And the Lord said Surprise me, so I moved to LA.
After packing my posters and scrubbing the bathroom and bidding goodbye
to the permanent circus, I drove through The South
with its womb-like weather, and I drove through the center
with its cross-hatched streams, and the century unspooled
like a wide, white road with lines for new writing
and the century unspooled like a spider’s insides
and the country was a cipher, so I voted my conscience.
And the country was a carton of twelve rotten eggs.
And the country was a savior—come deliver us from evil!—
and my car burned a scar across the back of an angel
and yes, I was afraid. No I’ve never gone hungry, but I’ve woken alone
with a ghost in my throat and I’ve been like the child
who’s sure she perceives some creature in the dark—
some night-breathing thing—and I know there is something I can almost see …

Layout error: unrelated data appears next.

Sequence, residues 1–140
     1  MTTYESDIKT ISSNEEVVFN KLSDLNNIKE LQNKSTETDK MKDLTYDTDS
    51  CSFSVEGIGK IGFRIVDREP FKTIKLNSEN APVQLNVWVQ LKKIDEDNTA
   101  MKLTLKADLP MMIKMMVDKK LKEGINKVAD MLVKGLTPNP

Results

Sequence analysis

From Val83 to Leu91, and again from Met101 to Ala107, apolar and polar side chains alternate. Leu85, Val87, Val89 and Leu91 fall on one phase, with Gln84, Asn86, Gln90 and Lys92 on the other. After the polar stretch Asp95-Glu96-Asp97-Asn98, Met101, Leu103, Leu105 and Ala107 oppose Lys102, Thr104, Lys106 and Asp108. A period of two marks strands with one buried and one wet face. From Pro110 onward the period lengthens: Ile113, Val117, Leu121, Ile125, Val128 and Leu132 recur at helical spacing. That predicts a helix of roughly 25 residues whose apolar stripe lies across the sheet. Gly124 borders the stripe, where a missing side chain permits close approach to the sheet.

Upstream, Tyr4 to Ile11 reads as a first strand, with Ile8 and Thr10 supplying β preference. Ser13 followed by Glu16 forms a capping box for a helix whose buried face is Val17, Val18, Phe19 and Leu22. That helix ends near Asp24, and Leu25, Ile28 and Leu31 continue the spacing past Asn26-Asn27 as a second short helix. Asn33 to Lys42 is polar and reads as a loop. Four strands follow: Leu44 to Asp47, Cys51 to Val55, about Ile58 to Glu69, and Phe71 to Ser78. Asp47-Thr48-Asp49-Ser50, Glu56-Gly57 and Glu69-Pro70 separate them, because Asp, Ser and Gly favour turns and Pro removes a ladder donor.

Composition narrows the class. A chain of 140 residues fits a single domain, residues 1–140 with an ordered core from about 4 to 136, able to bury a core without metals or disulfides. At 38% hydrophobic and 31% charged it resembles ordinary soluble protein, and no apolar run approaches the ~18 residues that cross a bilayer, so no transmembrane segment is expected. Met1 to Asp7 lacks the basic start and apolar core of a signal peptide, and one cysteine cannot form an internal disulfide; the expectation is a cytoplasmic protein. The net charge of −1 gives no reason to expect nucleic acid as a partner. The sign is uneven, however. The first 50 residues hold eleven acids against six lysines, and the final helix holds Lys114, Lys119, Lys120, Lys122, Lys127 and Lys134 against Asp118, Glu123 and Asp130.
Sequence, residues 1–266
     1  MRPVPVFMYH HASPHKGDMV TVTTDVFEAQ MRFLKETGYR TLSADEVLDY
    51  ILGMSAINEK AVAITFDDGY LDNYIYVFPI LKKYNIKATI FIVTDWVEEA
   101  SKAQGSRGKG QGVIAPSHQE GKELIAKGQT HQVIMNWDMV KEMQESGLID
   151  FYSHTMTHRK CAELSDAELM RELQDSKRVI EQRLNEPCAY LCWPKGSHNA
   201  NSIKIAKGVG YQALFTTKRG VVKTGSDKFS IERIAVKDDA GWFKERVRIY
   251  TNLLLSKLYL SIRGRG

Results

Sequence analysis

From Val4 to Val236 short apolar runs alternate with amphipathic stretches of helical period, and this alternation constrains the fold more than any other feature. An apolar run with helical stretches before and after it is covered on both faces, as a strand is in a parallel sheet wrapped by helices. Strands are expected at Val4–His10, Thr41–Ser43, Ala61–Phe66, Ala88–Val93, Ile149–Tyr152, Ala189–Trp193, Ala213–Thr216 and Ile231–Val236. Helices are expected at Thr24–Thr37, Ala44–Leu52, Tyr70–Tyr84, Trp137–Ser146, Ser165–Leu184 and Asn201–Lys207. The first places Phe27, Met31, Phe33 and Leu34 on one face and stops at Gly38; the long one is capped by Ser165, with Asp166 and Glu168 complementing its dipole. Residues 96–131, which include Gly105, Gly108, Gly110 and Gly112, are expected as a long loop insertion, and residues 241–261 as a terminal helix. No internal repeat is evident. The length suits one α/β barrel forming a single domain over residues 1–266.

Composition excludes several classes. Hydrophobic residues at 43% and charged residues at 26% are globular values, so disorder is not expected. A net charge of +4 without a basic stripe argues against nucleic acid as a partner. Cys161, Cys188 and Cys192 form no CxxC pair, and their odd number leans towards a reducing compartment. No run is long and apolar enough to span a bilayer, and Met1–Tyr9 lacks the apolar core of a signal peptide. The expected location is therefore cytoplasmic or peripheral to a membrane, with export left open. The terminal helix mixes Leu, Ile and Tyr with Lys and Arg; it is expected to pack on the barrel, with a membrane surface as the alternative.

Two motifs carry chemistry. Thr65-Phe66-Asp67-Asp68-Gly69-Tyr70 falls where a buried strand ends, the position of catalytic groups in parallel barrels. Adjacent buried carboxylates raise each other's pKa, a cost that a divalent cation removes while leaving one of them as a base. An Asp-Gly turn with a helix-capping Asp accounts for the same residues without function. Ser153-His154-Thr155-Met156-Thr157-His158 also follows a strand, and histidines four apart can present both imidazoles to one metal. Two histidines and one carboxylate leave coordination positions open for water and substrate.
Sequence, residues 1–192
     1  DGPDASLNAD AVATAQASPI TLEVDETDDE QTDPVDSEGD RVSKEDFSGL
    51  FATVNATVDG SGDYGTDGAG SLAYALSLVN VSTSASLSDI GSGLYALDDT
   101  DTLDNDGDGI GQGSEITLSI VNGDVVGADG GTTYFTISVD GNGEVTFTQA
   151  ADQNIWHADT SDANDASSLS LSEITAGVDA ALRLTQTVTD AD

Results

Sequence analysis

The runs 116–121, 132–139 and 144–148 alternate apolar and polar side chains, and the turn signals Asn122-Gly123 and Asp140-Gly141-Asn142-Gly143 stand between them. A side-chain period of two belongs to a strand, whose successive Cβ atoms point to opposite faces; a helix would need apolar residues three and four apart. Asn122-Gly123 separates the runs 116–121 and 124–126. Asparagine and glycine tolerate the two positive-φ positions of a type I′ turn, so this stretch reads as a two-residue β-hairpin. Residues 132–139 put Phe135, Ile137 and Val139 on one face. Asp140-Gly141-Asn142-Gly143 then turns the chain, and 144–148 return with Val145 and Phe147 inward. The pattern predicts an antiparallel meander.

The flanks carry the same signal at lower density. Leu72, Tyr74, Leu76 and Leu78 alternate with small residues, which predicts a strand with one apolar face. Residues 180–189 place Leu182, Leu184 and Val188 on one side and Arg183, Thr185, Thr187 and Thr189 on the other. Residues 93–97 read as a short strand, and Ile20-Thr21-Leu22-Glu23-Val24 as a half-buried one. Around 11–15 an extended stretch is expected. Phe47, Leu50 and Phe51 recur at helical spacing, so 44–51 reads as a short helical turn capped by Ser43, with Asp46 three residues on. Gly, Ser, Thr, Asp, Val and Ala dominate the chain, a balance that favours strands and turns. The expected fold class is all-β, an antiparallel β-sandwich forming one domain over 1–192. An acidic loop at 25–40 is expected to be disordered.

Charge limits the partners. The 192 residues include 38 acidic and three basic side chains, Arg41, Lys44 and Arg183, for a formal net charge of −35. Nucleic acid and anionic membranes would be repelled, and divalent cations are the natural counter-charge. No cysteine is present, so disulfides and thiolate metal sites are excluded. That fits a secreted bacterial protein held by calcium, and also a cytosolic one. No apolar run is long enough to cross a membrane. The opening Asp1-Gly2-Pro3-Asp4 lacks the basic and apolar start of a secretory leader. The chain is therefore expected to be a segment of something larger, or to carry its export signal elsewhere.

But the future’s a bright coin spinning in sunlight
so fast that it’s sparking a flame in the grass, and who knows
where they’ll find me—on which sunken highway?—so I’m writing this poem
to remember my name. And I’m writing this poem
to let something go, in the mode of surrender, since God
needs a ritual, like kissing needs another, or a knife needs the softness
of a melon in summer, and leaving New York is like leaving
the circus, and entering America is like entering a fortress,
flooded by soda and we float to the bars in our giggling terror
and driving from one shore across to another?
That’s one sign for freedom, one small stab at change,
so when the Lord said Surprise me, I moved to LA.
My blog: alisonmcghee.com/blog